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'Old' colistin and polymyxin B are increasingly used as last-line therapy against multidrug-resistant Gram-negative bacteria Pseudomonas aeruginosa, Acinetobacter baumannii, and Klebsiella pneumoniae. For intravenous administration, colistin is dosed as its inactive prodrug colistin methanesulfonate (sodium), while polymyxin B is used as its sulfate (active(More)
Combination therapy may be required for multidrug-resistant (MDR) Acinetobacter baumannii. This study systematically investigated bacterial killing and emergence of colistin resistance with colistin and rifampin combinations against MDR A. baumannii. Studies were conducted over 72 h in an in vitro pharmacokinetic (PK)/pharmacodynamic (PD) model at inocula(More)
Colistin, administered intravenously as its inactive prodrug colistin methanesulfonate (CMS), is increasingly used as last-line therapy to combat multidrug-resistant Gram-negative bacteria. CMS dosing needs to be adjusted for renal function. The impact of continuous ambulatory peritoneal dialysis (CAPD) on the pharmacokinetics of both CMS and colistin has(More)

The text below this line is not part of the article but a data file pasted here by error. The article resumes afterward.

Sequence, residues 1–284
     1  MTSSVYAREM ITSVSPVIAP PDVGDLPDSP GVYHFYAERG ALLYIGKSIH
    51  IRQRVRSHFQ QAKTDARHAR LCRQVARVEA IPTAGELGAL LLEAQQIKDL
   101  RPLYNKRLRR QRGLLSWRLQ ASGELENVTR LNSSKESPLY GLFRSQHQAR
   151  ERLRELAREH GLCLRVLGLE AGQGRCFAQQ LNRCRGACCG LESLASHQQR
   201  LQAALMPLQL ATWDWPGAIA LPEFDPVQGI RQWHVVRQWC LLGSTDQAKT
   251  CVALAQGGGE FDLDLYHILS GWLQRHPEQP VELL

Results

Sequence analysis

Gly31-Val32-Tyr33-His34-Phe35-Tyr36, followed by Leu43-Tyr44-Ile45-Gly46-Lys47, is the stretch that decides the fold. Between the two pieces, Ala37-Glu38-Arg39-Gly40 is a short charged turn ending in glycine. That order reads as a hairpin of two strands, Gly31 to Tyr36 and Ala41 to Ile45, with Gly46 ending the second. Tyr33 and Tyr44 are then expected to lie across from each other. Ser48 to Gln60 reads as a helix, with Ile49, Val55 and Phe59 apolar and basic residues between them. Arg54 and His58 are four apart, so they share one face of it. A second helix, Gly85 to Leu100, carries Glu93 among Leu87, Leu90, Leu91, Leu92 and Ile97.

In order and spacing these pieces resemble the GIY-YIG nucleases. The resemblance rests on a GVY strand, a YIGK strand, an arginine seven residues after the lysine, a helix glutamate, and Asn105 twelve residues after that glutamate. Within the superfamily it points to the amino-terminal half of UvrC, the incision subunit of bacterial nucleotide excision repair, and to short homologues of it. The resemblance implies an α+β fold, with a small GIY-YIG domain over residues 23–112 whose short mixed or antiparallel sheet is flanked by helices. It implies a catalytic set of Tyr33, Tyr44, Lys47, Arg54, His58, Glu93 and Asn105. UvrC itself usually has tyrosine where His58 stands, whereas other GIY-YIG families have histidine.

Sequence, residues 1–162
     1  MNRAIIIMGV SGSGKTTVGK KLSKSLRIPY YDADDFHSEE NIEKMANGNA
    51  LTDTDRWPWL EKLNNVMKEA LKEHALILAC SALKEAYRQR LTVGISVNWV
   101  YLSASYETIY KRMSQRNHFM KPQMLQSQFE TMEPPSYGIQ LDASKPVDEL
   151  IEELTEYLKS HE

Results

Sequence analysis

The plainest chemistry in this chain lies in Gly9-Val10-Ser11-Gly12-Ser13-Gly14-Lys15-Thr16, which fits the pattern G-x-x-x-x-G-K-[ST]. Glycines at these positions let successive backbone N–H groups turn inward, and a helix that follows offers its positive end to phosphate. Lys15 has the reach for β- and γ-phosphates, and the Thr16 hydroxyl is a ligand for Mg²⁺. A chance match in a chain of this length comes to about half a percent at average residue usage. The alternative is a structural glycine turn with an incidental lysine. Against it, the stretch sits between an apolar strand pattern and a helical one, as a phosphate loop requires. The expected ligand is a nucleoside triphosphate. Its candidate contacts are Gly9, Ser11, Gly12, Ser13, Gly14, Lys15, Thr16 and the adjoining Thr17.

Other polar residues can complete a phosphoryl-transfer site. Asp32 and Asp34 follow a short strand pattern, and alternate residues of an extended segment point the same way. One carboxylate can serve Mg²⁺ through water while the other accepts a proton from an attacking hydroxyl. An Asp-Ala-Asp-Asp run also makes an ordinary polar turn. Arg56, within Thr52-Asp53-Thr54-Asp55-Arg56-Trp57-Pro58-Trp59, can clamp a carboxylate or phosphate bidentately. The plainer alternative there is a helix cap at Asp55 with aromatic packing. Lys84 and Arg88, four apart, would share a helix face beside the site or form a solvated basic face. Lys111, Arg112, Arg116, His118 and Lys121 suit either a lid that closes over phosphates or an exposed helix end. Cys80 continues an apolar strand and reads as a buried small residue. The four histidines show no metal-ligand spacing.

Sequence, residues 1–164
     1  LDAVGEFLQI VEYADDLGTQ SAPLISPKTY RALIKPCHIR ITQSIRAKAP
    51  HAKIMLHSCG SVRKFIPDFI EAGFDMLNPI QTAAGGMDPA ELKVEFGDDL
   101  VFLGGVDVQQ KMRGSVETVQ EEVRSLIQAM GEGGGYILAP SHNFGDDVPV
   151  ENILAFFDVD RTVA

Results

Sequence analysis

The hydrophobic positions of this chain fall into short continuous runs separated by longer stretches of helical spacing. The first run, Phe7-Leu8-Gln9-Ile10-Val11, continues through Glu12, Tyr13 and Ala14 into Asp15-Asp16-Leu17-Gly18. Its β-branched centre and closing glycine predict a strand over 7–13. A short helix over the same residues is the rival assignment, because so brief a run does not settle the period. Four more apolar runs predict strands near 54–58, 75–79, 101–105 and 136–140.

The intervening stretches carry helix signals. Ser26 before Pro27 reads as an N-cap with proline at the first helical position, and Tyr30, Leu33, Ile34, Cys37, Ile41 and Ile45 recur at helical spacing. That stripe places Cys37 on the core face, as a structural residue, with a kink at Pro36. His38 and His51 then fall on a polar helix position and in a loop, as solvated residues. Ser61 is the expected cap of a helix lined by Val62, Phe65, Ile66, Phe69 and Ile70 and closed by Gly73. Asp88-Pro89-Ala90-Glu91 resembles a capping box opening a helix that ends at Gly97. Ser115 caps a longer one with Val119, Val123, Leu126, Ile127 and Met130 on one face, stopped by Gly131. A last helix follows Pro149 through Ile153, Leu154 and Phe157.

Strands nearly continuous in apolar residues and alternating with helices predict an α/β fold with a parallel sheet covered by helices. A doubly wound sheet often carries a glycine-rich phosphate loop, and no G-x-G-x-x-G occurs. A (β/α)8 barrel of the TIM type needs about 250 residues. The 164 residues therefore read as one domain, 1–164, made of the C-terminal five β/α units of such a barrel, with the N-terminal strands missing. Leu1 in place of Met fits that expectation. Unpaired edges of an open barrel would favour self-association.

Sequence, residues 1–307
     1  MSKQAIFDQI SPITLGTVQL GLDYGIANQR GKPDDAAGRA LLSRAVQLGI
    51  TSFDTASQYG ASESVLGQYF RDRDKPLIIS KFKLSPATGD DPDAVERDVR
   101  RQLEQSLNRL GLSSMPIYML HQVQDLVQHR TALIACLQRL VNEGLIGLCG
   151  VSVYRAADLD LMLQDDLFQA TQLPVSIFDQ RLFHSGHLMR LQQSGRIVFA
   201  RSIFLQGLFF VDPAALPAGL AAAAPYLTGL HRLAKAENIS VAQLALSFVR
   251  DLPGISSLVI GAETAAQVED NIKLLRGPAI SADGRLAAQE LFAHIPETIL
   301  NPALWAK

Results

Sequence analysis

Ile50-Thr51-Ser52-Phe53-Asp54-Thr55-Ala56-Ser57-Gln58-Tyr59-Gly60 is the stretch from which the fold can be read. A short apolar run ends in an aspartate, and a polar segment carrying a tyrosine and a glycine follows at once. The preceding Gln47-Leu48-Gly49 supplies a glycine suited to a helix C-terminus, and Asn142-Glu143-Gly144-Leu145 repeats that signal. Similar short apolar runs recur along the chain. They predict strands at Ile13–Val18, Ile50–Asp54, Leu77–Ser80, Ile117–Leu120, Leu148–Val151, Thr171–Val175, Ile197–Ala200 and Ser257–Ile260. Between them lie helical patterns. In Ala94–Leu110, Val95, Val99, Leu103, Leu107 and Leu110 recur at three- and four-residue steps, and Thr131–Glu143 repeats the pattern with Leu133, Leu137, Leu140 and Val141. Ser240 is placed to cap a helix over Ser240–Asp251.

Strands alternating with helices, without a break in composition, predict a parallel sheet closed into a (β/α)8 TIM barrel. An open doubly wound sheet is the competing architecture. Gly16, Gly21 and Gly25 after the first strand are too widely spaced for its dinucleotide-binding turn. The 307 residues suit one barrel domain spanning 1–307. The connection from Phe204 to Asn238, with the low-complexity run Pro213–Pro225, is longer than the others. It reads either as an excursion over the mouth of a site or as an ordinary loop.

PURPOSE OF REVIEW Increased emergence of bacterial resistance and the decline in newly developed antibiotics have necessitated the reintroduction of previously abandoned antimicrobial agents active against multidrug-resistant bacteria. Having never been subjected to contemporary drug development procedures, these 'old' antibiotics require redevelopment in(More)
OBJECTIVES Very different labelling conventions are employed by different products of colistimethate (CMS), an inactive prodrug of colistin that is used as a last-line defence against Gram-negative 'superbugs'. This study examined the chemical composition and pharmacokinetics in rats of four commercial parenteral products of CMS. METHODS Contents per vial(More)
OBJECTIVES Colistin, administered intravenously as its inactive prodrug colistin methanesulphonate (CMS), is being increasingly used. However, there is very limited information available on the impact of haemodialysis (HD) on the pharmacokinetics of CMS and formed colistin. PATIENTS AND METHODS A single 30 min intravenous dose of CMS (150 mg of colistin(More)
Yeast, in particular Candida albicans, are the principal fungal cause of denture stomatitis, and can also be present as a commensal in many individuals. Few studies, however, have examined oral retention of yeast strains over time. We analyzed the yeast present in saliva samples and from the dentures of 10 individuals colonized with yeast but with no signs(More)
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